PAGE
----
This Model 1873 “One of One Hundred”
Winchester Repeating Arms, Cody Firearms Museum document the last produced Model 1873 “One of One Hundred” made as: “Model 1873, serial number 27179”, “Type: Rifle, Barrel Type: Octagon, Barrel Length: 26 inches, Trigger: Set, Checkered stock, Casehardened” and “1 of 100”.
This rifle features the First Model receiver complete with dust cover retained by grooved guides. The forearm cap, receiver, dust cover, hammer, lever and crescent butt-plate are color casehardened, while the barrel and full length magazine are blued. The stock and forearm are made in fancy grade walnut with the old style Winchester checkering and piano finish.
The rifle is decorated with modest scroll and foliate engraving and is marked “One of One Hundred” on the top of the octagonal barrel between the receiver and rear sight.
The front sight is a sporting nickel silver blade complimented by a Western style buckhorn rear sight. In addition to these the rifle features a Winchester folding graduated peep sight with fifty minute graduations mounted on the receiver tang.
An interesting additional feature of this rifle is a butt mounted trap containing the four piece steel cleaning rod.
The rifle formed part of the collection of Frank R. Sweet and Arnold M. Chernoff.
The video below from Rock Island Auction takes us on a guided tour of this very rare rifle.
You can find the sale page for this rifle with further details if you click here.
Rock Island Auction describe the condition of this rifle as follows: “Fine. The barrel and magazine retain 40% plus of the original blue finish with the balance having aged to an attractive plum blue patina. The barrel shows edge wear on high points with smooth surfaces. The “One of One Hundred” marking on the top barrel flat and the scroll and foliate engraving on the muzzle and breech are crisp. The inlaid bands on the breech and muzzle are tarnished. The monogram and date on the bottom of the cartridge elevator are sharp. The case colors on the receiver, dust cover, hammer, lever, and crescent buttplate have faded to an attractive silver-gray patina. 20% of the original nitre blue remains on the loading gate. There is some shallow pitting on both sides of the receiver ahead of the side plates and several small spots of pitting on the upper edge of the side plates. The highly figured, fancy grade, walnut stock and forearm remain in fine overall condition with scattered, minor handling and storage dings. Most of the finish wear is confined to some dulling on the sides of the forearm. The checkered panels show light handling wear. This is a fine example of the rarest and probably most desirable variation of the Winchester Model 1873 rifle – the “One of One Hundred” rifle. This ultra-rare rifle would be a stand-out piece in the finest collection of Winchester rifles and is the very last “One of One Hundred” manufactured! Provenance: Frank R. Sweet; Arnold M. Chernoff; Carl Press Collection; The Robert M. Lee Collection.”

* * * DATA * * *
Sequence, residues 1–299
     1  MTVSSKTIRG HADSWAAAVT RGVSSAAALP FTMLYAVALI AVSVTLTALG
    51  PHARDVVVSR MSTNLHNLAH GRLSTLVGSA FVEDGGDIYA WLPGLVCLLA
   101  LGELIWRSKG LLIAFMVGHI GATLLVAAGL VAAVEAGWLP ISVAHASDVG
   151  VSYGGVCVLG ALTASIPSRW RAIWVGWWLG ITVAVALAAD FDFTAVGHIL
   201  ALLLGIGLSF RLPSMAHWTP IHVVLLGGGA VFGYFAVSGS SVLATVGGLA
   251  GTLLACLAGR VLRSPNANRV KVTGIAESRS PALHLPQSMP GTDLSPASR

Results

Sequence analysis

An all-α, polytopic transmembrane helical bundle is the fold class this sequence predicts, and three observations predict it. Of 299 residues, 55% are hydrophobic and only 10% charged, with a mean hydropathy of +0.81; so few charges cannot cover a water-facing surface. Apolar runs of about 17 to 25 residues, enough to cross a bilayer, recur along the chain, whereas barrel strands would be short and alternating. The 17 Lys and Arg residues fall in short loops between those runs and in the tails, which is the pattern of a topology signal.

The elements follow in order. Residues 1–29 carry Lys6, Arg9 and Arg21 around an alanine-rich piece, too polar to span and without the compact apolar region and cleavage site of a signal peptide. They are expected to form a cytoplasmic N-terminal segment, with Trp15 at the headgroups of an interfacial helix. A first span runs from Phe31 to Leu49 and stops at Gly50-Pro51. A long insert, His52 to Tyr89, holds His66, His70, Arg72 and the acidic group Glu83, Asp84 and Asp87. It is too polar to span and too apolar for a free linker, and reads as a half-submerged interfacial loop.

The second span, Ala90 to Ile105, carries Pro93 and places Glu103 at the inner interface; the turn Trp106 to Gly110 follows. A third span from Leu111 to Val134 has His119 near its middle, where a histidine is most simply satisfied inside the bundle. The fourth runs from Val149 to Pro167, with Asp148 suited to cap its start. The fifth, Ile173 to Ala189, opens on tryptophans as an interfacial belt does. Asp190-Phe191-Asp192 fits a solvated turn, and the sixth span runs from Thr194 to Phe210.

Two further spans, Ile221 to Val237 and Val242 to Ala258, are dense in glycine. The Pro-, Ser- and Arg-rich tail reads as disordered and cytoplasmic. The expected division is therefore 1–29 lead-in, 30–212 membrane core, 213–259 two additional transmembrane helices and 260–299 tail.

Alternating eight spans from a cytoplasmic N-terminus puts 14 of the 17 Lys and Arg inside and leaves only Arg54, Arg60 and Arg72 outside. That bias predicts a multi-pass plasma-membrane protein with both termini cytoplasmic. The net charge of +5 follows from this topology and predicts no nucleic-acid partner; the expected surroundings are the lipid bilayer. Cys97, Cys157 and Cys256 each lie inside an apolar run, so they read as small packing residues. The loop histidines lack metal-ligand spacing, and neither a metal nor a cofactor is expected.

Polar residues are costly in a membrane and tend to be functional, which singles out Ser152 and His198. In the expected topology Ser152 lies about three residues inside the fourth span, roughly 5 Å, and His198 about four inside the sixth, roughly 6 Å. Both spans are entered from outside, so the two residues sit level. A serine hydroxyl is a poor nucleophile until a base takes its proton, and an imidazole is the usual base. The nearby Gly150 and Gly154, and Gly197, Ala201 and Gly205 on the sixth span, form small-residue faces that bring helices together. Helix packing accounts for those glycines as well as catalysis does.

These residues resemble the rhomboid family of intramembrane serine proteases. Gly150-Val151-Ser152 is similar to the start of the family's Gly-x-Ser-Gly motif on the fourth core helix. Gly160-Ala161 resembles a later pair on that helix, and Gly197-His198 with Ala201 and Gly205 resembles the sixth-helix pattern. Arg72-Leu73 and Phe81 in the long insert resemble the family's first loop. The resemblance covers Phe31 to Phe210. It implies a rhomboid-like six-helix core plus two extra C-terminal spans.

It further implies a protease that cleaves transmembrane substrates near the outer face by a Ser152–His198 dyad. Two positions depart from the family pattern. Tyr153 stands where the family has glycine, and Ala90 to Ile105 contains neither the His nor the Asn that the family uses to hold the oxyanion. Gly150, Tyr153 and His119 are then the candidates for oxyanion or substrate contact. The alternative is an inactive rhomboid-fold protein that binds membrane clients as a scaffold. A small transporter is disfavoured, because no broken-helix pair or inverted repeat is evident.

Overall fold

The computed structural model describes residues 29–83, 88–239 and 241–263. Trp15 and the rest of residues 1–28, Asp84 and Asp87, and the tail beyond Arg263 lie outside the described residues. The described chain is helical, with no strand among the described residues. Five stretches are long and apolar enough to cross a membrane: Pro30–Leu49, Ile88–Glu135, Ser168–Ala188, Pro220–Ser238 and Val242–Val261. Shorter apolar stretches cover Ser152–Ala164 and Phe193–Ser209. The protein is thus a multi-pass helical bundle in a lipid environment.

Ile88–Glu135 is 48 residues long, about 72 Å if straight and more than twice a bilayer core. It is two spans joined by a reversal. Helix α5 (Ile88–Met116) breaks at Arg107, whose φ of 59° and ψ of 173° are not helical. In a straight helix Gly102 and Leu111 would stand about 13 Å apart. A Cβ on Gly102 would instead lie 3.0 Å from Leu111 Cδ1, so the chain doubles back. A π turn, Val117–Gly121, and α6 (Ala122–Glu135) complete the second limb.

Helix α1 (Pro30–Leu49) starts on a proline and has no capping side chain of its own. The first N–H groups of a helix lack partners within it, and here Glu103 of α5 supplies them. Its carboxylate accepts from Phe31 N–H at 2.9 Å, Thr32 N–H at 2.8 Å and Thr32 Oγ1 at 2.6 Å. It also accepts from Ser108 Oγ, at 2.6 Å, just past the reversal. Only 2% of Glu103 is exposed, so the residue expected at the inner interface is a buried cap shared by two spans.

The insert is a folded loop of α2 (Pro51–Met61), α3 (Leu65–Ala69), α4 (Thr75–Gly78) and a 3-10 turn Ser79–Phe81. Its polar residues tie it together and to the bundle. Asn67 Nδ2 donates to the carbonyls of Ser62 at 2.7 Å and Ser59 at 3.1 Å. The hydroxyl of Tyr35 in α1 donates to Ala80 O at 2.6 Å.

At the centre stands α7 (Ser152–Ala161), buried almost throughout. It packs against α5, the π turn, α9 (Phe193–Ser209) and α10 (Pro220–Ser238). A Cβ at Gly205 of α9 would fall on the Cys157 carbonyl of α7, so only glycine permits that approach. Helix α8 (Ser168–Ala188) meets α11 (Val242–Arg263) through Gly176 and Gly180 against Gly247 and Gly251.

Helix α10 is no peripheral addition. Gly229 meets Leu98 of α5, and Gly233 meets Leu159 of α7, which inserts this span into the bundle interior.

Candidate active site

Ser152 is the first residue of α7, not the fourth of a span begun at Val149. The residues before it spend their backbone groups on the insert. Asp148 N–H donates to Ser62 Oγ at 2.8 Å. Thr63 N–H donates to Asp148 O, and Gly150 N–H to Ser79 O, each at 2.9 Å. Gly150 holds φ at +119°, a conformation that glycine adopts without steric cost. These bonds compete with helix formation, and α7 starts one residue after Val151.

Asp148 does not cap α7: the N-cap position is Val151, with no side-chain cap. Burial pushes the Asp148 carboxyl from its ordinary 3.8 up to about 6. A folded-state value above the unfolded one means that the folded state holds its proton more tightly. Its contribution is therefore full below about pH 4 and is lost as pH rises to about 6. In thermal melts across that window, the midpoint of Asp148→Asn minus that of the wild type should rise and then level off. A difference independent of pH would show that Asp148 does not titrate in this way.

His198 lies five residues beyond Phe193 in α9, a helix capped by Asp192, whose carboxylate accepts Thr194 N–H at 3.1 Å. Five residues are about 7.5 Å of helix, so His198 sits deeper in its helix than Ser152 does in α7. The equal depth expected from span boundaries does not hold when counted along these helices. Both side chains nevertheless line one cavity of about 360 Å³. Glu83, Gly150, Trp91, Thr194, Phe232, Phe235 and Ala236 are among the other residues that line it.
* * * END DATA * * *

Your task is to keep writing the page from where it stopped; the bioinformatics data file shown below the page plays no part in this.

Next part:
This rifle is a very rare example of the Winchester Model 1873 “One of One Hundred” rifles. Opportunities to obtain one of these rare rifles do not come up often, and this rifle is the last of the eight “One of One Hundred” rifles made, and one of just six that are known to have survived. It is a fascinating piece of American history.
(All pictures courtesy Rock Island Auction except where otherwise noted).
Jon Branch is the founder and senior editor of Revivaler and has written a significant number of articles for various publications including official Buying Guides for eBay, classic car articles for Hagerty, magazine articles for both the Australian Shooters Journal and the Australian Shooter, and he’s a long time contributor to Silodrome.
Jon has done radio, television, magazine and newspaper interviews on various issues, and has traveled extensively, having lived in Britain, Australia, China and Hong Kong. His travels have taken him to Indonesia, Israel, Italy, Japan and a number of other countries. He has studied the Japanese sword arts and has a long history of involvement in the shooting sports, which has included authoring submissions to government on various firearms related issues and assisting in the design and establishment of shooting ranges.